In 1987 my first novel, Confessions of Johnny Ringo, was published by Dutton. It is a fictional memoir of a famous western outlaw who carried the Greek and Roman classics in his saddlebags and read them in the original between carrying out underworld operations in Arizona and Mexico. I had been sending segments of it to Anthony, who encouraged me to finish it. He then wrote a generous endorsement that was very helpful: ‘One does not toss the term “masterpiece” carelessly around, but it is a word that comes to my lips. For here we have not only a fictionalized segment of American history but also live and rounded characters who exemplify remarkably what the American character and destiny are about… A good read and fine literature – the two are shown here not to be mutually exclusive. I heartily recommend Mr. Aggeler’s book to readers who can reconcile thrills with intelligence and fast action with fine style.’
Needless to say, I was hugely gratified and encouraged to produce more fiction. I began a long novel that imaginatively reconstructs Christopher Marlowe’s career as a spy for the Elizabethan government and his subsequent meteoric rise as a dramatist. My research took me to London, Canterbury, Cambridge, and Rheims, France, where Marlowe is thought to have enrolled in the English College, posing as a recusant while gathering information for Sir Francis Walsingham, head of Her Majesty’s secret service. Happily, I met the Antiquarian for the District of the Marne, who provided me with maps of Rheims in the sixteenth century and descriptions of the old houses that had survived the bombardments of the First World War.
When I’d finished my research my wife and I chose to holiday in Strasbourg. By chance, Burgess and Liliana were also in Strasbourg for a big conference of European writers. Burgess was a featured speaker. We attended one of his sessions, which he conducted entirely in French. He conducted a subsequent session in German and told me that he was losing touch with English. After the session in French we and the Burgesses went out to a restaurant, and it was a delightful evening. He wondered what I was doing in Strasbourg, and I explained that I’d been in Rheims researching a novel about Marlowe. I told him what I intended to cover, and he remarked, ‘Geoffrey, I think you’re taking on rather a lot.’ He was right, of course, Horses of the Night would take me five years to write.
This was in October of 1987, the last time I would see Burgess. We continued to correspond, mainly to update his biography as it was requested by the editors of the Dictionary of Literary Biography and other reference works. Then in 1992 my wife was diagnosed with breast cancer. When I told him he responded with a beautiful handwritten letter: ‘My dear Geoff, Liana and I send our fondest regards to Sondra and our conviction that she’s going to be all right. In the U.S., at least, you can be sure that everything will be done that can be, more than can be said of here, with its collapsing National Health Service and recalcitrant doctors. We all have these fears and, alas, they’re sometimes realized. My problem, at 75, is cardiacal, and I’m working hard at writing because of time’s winged chariot –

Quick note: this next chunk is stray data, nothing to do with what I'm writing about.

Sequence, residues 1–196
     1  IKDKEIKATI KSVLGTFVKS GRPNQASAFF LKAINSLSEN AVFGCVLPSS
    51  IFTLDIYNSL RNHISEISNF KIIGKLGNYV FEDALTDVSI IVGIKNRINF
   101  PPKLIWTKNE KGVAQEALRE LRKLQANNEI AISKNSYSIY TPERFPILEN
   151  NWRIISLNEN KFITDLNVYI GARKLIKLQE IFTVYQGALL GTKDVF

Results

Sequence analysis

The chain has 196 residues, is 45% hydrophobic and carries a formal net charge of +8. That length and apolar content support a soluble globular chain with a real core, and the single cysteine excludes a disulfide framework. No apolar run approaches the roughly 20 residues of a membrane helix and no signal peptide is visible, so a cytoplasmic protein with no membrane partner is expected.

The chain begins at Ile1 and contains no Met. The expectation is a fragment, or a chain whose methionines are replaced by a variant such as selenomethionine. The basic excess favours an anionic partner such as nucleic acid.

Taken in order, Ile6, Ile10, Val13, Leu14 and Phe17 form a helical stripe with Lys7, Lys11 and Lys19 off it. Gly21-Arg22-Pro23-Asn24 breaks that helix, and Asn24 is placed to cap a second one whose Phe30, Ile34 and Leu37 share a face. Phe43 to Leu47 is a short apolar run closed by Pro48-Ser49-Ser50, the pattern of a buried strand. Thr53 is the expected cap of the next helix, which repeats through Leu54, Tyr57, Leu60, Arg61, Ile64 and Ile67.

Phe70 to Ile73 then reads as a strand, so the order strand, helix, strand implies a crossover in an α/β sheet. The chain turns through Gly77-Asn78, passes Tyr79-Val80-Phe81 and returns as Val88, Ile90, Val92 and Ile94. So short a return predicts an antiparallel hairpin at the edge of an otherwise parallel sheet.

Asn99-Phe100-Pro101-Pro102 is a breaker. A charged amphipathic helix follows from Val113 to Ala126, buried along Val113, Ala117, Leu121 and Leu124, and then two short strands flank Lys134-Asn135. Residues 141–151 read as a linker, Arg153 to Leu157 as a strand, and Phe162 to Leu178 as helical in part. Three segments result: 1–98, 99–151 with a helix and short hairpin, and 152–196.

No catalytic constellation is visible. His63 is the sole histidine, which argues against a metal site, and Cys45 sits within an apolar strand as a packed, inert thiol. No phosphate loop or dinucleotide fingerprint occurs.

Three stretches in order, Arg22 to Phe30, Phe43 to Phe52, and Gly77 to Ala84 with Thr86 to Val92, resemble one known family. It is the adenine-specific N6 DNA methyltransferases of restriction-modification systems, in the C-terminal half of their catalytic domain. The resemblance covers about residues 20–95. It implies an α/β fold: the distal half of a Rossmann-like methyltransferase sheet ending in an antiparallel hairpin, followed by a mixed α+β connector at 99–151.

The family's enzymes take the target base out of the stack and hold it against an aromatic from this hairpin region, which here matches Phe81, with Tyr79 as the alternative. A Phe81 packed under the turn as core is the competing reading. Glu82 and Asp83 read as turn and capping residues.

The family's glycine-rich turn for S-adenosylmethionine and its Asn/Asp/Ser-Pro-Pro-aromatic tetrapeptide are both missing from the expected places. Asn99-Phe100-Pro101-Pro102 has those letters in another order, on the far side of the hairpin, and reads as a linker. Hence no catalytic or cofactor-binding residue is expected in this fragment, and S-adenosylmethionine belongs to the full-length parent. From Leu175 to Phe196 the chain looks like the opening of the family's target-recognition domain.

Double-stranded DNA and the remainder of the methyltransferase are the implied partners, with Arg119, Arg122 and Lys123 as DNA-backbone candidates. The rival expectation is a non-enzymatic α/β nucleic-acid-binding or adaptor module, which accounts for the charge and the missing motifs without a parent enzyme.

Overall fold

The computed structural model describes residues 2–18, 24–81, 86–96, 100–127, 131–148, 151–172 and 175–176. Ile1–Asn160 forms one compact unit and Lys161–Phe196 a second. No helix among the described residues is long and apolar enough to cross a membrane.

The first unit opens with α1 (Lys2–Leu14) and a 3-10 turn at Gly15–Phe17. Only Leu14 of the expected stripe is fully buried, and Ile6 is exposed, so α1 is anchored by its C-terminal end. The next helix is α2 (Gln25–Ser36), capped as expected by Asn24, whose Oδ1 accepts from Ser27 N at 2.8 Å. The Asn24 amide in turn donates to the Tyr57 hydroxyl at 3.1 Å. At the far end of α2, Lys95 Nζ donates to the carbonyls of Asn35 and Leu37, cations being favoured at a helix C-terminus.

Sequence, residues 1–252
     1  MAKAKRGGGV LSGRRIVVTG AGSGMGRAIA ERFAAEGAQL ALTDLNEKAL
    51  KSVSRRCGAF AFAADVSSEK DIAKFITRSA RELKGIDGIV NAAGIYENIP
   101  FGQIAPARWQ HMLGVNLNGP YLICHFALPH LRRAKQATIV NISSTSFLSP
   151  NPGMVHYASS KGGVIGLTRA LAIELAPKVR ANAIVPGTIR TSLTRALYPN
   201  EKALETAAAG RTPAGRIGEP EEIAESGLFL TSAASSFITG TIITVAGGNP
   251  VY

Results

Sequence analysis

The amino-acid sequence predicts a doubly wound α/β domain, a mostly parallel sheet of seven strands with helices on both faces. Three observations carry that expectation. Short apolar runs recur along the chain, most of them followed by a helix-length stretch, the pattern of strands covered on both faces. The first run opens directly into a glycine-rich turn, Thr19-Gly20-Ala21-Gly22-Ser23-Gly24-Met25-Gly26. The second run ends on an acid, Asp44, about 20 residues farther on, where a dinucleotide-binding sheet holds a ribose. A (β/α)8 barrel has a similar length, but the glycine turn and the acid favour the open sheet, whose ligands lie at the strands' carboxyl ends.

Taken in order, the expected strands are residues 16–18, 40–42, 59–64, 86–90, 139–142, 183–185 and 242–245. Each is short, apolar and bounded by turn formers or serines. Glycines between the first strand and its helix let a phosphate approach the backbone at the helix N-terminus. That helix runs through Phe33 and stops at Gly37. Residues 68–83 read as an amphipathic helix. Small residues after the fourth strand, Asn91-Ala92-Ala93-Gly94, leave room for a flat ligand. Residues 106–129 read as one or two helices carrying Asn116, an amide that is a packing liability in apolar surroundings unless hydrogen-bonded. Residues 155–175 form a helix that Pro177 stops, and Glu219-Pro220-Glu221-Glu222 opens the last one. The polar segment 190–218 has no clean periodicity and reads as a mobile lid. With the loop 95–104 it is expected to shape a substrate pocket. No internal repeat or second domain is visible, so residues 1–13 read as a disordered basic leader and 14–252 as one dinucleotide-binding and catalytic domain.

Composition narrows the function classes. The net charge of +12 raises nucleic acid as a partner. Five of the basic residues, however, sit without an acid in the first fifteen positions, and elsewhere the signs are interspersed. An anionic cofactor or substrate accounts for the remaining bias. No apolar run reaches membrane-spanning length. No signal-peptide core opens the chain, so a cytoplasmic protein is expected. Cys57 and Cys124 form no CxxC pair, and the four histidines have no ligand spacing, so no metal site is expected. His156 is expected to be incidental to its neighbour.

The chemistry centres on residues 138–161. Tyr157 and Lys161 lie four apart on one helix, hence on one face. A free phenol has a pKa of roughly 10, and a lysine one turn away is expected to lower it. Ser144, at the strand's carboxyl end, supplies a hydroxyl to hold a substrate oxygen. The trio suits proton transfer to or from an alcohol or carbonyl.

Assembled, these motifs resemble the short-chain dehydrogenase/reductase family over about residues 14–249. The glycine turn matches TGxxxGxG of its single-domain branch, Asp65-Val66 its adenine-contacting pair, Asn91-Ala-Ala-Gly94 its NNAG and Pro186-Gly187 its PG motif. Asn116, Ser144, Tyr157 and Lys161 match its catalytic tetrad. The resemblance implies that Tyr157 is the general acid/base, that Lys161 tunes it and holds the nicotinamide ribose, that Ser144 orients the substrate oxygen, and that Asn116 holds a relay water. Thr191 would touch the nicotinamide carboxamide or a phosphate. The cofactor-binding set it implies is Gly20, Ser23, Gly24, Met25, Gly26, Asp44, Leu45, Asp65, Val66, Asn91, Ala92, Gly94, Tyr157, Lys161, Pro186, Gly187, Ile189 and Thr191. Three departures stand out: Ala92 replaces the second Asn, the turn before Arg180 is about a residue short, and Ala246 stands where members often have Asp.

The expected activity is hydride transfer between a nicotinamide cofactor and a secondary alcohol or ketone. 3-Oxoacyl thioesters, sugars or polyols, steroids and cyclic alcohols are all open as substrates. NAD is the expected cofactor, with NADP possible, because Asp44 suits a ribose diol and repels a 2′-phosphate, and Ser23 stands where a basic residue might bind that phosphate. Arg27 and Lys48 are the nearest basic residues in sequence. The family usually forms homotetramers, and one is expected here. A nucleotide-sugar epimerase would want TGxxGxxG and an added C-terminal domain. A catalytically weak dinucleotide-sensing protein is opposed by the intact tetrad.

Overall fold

‘For at my wrist I hear the tick
‘Of Time’s slick Cadillac moving quick.
‘At 52, you’re the age when we met in Canada and I began to think myself old at it. We survive, somehow. It’s just a nuisance that your plans are being disrupted by an impertinence.’
He went on to ask about my Kit Marlowe novel in progress, saying ‘I was dubious about writing my own, leaving the field to you, but 1993 and the quatercentenery of the Deptford murder beckoned & I felt I had to do something.’ A Dead Man in Deptford was his last novel. Not long after its publication, he passed away, struck down by the same ‘impertinence’ that threatened Sondra.
Sondra did survive her breast cancer and still remains clear. She gives me the same vital support that Liliana gave Burgess. In 2005 Liliana asked me to give a keynote address at the Anthony Burgess conference in Manchester. I opted to address the question of whether or not Burgess was a classic. I had no trouble making a case for Burgess. He is a classic.
Geoffrey Aggeler is a novelist, biographer and critic, and an honorary patron of The International Anthony Burgess Foundation. In 1979 he published his critical biography Anthony Burgess: The Artist as Novelist, and in 1986 he edited the collection Critical Essays on Anthony Burgess. He lives in California.